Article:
Cyclonic eddy C1 (Figures 2a and 2b) was located northeast of Bahía de La Paz, and it occupied much of Farallón basin. Its mean swirl speed was ~0.30 m/s along its edge (with a maximum over 0.40 m/s in the SW side), and its mean core radius was ~33 km. The drifter data suggest that eddy C1 was present at least since late June. The trajectory of the blue drifter between 26 and 29 June was toward the east in section D, and then it veered north, probably following the southern and eastern edges of the eddy. From 4 to 14 July, it completed a loop around C1 (~30 km radius) with a mean velocity of ~0.21 m/s. From 19 to 26 July, it made another smaller cyclonic loop inside C1 (~14 km radius, 0.20 m/s mean velocity). The red drifter, which on 20 July was outside La Paz Bay, roughly followed the southern and eastern edges of the eddy until 28 July, at ~0.28 m/s. C1 had a mean vorticity in the eddy core of 1.49 × 10−5 s−1 and a maximum positive vorticity of ~2 × 10−5 s−1.
 Eddy A2 was located around ~26°N (Figure 2), almost centered on Carmen basin. The highest speeds were found in the southern edge (where it interacted with C1), where they ranged between 0.3 and 0.4 m/s. The mean core radius was ~33 km. The presence of A2 was also revealed by the tracks of both drifters, which followed its western and northern edges. The blue drifter showed speeds of ~0.20 m/s (from 29 July to 4 August), and the red drifter (50021) had an average speed of ~0.30 m/s (from 28 July to 3 August). The vorticity of A2 was relatively lower than that of A1 (Figure 2d), with a mean value of −1.1 × 10−5 s−1 in the eddy core and a maximum of ~−1.5 × 10−5 s−1.
 Cyclonic eddy C2, located on Guaymas basin, was sampled with North-South section I (Figure 2a), which was a last-minute change in the cruise plan when the presence of this eddy became apparent in drifter tracks and satellite chlorophyll images. The radius of C2 was ~32 km, and the maximum (LADCP) velocities were ~0.4 m/s. This eddy was well sampled by the drifters. The blue drifter looped once around C2 with speed ~0.27 m/s, in a radius ~37 km, taking 12 days (7–19 August) to complete the loop. The red drifter, after drifting toward the NW (0.5–0.40 m/s; mean ~0.20 m/s) approximately parallel to the mainland coast, veered west off Cabo Lobos and made three loops around eddy C2 with ~30 km mean radius, between 7 August and 4 September, with mean speed ~0.33 m/s (range: 0.09–0.58 m/s) and rotation period between 6 and 9 days. Other drifters (not shown) trapped in this eddy showed that it lasted at least until October 2004.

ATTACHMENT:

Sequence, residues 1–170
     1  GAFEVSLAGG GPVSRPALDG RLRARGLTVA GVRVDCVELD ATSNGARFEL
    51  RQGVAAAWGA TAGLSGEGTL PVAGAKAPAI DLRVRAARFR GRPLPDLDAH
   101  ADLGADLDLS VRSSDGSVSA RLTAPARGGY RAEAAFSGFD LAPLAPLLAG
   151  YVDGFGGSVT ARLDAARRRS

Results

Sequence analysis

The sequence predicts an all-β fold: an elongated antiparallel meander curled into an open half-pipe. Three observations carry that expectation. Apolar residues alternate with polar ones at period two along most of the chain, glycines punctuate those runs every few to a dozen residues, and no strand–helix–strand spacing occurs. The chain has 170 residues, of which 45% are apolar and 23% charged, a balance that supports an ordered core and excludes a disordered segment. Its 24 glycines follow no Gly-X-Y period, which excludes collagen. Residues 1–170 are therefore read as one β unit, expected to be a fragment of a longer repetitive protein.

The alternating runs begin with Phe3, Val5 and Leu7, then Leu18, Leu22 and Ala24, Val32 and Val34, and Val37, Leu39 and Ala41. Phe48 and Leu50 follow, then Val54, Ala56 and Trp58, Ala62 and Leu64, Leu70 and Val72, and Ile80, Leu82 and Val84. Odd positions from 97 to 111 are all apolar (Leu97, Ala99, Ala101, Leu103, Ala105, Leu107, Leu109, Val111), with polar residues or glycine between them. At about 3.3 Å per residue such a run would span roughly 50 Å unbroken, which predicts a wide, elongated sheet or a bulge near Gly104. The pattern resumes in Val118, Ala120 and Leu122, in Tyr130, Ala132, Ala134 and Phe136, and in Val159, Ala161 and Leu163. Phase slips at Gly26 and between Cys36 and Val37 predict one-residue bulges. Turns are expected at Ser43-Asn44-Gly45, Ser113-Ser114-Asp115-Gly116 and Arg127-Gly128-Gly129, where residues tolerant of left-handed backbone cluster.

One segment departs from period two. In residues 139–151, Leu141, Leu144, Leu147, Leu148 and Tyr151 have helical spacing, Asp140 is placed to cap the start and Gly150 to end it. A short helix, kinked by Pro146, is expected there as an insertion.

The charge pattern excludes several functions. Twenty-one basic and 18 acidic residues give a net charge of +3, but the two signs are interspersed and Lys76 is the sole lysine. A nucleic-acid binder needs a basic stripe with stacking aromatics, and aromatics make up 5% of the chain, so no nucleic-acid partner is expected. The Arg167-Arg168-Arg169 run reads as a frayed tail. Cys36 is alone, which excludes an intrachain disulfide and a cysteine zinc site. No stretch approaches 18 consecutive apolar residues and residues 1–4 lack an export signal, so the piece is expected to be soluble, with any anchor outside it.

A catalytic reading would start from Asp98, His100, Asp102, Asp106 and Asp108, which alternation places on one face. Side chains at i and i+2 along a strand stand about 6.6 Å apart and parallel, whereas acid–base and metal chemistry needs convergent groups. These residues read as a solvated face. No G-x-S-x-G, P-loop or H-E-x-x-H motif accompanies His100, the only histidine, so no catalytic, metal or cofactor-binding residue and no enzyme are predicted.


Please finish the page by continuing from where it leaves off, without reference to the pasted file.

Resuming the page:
In general, the pattern of currents in the 248–304 m layer did not change much relative to the surface layer, although their speed decreased with depth (Figures 3a and 3b; note the change of scale relative to Figures 2a and 2b). The fastest currents (Figure 3b) were in the area of interaction between C1 and A1. The eddies had lower absolute values of W and vorticity (Figures 3c and 3d), but the cores were larger and more elongated than at the surface. The W = 0 and ζ =0 contours were quite close.
3.2 Horizontal Hydrographic Structure
 Figure 4 shows the horizontal distributions of potential temperature (θ), salinity (S), potential density anomaly (γθ), and DO concentration, averaged over the 0–10 m layer. The train of eddies described above based on current data was not apparent in the surface hydrographic variables. This is due to the relative homogeneity of the properties of the surface layer of the SGC. Surface temperature (Figure 4a) was lower close to the peninsula (~28°C –29°C) than that off the mainland coast (29.5°C–31°C). A nucleus with temperature lower than 30°C appeared around 24.5°N–109°W, but it does not seem to be associated to any cyclonic eddy. The salinity distribution showed an overall latitudinal gradient increasing from south to north (Figure 4b); low values (34.6–34.7) were observed at the center of the Gulf entrance (sections Z-X) and close to the mainland coast (34.7–34.8). The 35.0 isohaline apparently marked the boundary between Gulf of California Water and Pacific waters and was shaped like a tongue between sections C and A-X. The maximum values (35.3–35.4) were located in the northern part of the observed region, between sections H and I. γθ showed a gradient similar to that of θ but reversed (Figure 4c), with high values (~22 kg/m3) close to the peninsula and low values on the mainland coast (21.3–21.4 kg/m3). The surface DO concentration (Figure 4d) was homogeneous, at ~4.4 mL/L, with an increase to 4.6 mL/L off the mainland in the gulf mouth.